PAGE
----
I likewise will accept your understanding of Rav Elyashiv's statement that the books are "forbidden from entering the community," that he meant the entire Jewish world rather than only the charedi community. I admit that I find it difficult to believe that Rav Elyashiv really did rule that an approach which his own rebbe, Rav Herzog, proclaimed to be the entirely normative approach from the Rishonim, is in fact a heretical aberrant view that is forbidden for everyone, even though countless talmidei chachamim and Roshei Yeshivah in Jerusalem and the US consider it perfectly legitimate.
With regard to your claim that it is I who have tried to keep the flames of disrespect to Gedolei Torah burning - as you yourself told me, five years ago, I have a right to defend myself. You are claiming that your article deserves wider dissemination than that which it has already received. Surely I deserve the right to defend myself before that wider audience? And what about the flames of disrespect towards those Rishonim, Acharonim, recent Gedolim and contemporary talmidei chachamim whose approach is being deemed unacceptable? Could it not justly be seen as disrespectful to claim that their understanding of Chazal is critically flawed and can be deemed heretical? Do they not have a right to have someone speak up on their behalf?
I am pleased to hear that it is certainly your intent to correct factual errors and serious flaws. But along with countless other people, I am at a loss to understand how you did not notice any at all in the point-by-point rebuttal of your article.
For example, you yourself admit that in the list of forty sources that I sent to you, all of which say that Chazal's statements about the natural world were not always correct, you found several that were substantive. Why did you not add them to your article, in your list of such views?
Furthermore, I do not understand your dismissal of the rest of these authorities on the grounds that they were simply repeating identical points. In repeating identical points, they were endorsing their legitimacy! By your logic, there is only one Gadol who opposed my books, since all the others signed on to the same statement!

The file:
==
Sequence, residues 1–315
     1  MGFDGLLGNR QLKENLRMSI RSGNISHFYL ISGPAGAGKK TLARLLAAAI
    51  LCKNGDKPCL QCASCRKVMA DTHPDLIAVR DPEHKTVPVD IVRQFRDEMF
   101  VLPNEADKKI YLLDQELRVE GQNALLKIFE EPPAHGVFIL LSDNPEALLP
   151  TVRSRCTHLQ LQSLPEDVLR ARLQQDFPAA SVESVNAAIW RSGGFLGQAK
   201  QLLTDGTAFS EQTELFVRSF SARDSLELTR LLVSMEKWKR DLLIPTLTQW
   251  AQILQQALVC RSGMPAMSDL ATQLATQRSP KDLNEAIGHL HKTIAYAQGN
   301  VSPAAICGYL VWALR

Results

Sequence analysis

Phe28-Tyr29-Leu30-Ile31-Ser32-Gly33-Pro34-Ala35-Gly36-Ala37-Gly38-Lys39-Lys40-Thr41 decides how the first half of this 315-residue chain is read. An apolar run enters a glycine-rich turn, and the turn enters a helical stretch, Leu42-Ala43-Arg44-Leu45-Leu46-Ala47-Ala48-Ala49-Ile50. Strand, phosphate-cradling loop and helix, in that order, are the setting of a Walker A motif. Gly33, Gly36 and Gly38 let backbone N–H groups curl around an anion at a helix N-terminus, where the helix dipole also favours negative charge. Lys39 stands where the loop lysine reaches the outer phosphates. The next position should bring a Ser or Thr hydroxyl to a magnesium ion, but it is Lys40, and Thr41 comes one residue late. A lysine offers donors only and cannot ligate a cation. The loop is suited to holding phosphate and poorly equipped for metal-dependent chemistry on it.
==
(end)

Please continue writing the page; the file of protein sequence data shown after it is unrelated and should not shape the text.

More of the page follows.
My latest response included a list of over forty gedolei Rishonim and Acharonim, from the Geonim through to recent Gedolim, all of whom opposed the claim that Chazal were correct in all their statements about the natural world. I simply do not understand how you can maintain that this is an aberrant "minority viewpoint" that has "fallen by the wayside over the centuries" and may therefore not be followed by anyone at all. It is not a minority viewpoint, and it has not fallen by the wayside. When you learn the Gemara in Pesachim 94b that Chazal believed the sun to travel behind the sky at night, is there even a single Rishon that you can name whose approach to this sugya you consider viable? You are certainly dismissing the approach of the overwhelming majority of Rishonim. I do not deny that in recent centuries, many have rejected this approach, but there have nevertheless been significant Acharonim, recent Gedolim and contemporary Roshei Yeshivah who have acknowledged it as a legitimate normative view from the Rishonim. I am still at a loss to understand how anyone can claim that no Jew in the world is entitled to follow such a mesorah.